Dorothy Gilman was born in New Brunswick, New Jersey on June 25, 1923. She studied at the Pennsylvania Academy of the Fine Arts. Under her married name, Dorothy Gilman Butters, she began publishing children's books in the late 1940s including Enchanted Caravan and The Bells of Freedom. In 1966, she published The Unexpected Mrs. Pollifax, which became the first novel in the Mrs. Pollifax Mystery series. The series concluded in 2000 with Mrs. Pollifax Unveiled. The series was the basis of two movies: the 1971 feature film Mrs. Pollifax - Spy starring Rosalind Russell and the 1999 television movie The Unexpected Mrs. Pollifax starring Angela Lansbury. Her other works include The Clairvoyant Countess, Incident at Badamya and Kaleidoscope. A Nun in the Closet won a Catholic Book Award. She died due to complications of Alzheimer's disease on February 2, 2012 at the age of 88.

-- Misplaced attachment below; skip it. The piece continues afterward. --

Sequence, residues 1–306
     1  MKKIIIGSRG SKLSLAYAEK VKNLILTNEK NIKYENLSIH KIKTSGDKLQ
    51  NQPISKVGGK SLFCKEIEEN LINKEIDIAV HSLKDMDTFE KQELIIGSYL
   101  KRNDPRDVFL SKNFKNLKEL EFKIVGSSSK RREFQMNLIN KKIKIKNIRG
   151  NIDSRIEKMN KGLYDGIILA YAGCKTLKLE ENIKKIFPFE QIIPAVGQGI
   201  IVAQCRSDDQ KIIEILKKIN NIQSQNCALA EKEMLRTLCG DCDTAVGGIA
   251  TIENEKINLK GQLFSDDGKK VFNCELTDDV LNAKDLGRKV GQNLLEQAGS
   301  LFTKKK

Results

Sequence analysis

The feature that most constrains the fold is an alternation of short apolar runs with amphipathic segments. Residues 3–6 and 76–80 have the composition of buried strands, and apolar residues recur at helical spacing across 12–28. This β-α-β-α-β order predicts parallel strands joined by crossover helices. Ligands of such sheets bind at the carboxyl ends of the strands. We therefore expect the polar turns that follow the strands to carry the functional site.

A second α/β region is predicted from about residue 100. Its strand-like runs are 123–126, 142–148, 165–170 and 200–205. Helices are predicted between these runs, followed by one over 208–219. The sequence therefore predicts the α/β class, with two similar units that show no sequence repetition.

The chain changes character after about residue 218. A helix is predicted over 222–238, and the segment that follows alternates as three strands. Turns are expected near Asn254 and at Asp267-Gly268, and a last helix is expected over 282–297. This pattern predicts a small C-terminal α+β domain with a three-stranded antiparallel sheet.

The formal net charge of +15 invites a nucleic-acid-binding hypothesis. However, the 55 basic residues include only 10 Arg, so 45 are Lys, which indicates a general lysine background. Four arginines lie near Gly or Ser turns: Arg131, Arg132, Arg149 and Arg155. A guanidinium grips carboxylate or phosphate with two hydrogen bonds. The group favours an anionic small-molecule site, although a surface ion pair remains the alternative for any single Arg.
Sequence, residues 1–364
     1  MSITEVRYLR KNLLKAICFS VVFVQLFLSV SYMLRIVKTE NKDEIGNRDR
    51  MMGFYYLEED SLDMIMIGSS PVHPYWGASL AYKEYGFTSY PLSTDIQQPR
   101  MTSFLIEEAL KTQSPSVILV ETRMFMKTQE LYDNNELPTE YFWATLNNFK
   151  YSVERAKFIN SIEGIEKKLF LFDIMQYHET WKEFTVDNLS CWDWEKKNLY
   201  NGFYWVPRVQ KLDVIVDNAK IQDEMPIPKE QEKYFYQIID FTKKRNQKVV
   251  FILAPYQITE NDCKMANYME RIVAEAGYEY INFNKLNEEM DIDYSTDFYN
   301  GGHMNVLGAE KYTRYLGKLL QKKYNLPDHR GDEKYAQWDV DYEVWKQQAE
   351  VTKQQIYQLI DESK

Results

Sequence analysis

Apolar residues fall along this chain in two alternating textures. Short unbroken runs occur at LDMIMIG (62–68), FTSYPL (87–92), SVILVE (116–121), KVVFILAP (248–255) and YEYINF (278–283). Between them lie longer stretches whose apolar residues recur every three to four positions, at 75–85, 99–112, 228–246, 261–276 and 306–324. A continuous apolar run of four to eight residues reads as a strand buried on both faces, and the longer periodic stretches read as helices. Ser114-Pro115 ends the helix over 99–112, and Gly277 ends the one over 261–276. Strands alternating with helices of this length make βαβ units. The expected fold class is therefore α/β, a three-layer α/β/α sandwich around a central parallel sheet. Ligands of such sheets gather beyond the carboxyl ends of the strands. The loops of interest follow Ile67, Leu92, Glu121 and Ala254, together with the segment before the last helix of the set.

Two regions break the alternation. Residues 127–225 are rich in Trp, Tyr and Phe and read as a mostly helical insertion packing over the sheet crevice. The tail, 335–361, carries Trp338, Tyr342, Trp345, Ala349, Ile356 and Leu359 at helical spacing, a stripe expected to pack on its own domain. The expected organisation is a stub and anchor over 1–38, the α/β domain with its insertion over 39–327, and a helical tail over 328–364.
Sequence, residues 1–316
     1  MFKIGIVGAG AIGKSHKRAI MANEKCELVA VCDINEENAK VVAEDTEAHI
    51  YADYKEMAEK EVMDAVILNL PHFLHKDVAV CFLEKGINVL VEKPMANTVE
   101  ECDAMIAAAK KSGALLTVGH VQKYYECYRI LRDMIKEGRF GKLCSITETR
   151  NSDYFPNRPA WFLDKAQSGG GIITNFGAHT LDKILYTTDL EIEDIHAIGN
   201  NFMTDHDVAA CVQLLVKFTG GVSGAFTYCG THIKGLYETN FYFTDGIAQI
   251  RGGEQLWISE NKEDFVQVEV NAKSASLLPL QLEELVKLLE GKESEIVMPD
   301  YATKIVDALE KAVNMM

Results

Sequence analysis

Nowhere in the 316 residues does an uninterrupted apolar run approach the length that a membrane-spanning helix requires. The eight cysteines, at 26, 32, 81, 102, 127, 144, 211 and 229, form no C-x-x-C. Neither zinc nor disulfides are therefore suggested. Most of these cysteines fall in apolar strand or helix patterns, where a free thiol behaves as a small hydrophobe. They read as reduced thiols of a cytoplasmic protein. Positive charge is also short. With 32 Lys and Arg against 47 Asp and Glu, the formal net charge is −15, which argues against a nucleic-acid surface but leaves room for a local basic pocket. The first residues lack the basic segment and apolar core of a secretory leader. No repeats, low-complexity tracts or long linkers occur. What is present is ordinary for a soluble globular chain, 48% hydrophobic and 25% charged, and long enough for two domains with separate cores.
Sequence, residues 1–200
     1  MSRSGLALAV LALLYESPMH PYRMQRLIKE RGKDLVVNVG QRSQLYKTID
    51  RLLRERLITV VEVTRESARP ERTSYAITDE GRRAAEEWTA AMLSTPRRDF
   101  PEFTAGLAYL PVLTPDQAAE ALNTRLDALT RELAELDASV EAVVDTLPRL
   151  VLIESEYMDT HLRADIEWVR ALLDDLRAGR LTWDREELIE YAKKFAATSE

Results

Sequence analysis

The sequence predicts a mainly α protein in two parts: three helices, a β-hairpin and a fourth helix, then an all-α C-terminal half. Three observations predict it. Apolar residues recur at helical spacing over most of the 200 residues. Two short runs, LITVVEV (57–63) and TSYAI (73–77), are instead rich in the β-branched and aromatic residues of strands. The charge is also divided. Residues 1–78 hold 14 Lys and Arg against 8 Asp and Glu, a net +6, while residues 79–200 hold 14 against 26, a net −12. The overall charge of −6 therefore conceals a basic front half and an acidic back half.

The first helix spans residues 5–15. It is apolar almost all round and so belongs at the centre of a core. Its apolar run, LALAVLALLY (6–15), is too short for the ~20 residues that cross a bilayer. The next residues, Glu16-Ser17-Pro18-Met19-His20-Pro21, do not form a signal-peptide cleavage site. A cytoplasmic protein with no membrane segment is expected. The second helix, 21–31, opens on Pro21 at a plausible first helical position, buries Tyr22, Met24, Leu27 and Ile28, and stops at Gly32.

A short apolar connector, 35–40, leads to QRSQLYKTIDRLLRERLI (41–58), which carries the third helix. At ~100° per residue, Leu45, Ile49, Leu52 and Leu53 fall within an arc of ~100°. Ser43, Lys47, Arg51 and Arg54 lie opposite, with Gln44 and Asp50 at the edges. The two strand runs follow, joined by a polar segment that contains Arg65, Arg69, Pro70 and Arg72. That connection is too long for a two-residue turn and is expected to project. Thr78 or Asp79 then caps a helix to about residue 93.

(Bowker Author Biography)


Reviews 2

Booklist Review

It is so soothing to be in Emily Pollifax's presence: we know that, at any time, she may leave her tidy existence in Connecticut (complete with geraniums and an understanding husband) and venture forth, with manners and nerves of steel, to do whatever the CIA has planned for her. This time, with her rakish cohort Farrell, she's sent to Syria. An American girl named Amanda Pym has faced down a handful of skyjacking terrorists and then vanished. Mrs. P and Farrell track Amanda down with the barest of clues, through souks and tourist destinations, through the desert and an archaeological dig where an earnest young professor named Joe manages to assist with borrowed vehicles, large numbers of sheep, and other tools. It's wonderful to watch Mrs. Pollifax manage it all with clear thinking and the midlife woman's ability to fade into the scenery as someone's aunt or mum. Along the way, there's lots of local color, a bit of politics, useful phrases in Arabic, and some really elegant use of ancient Babylonian verse. --GraceAnne A. DeCandido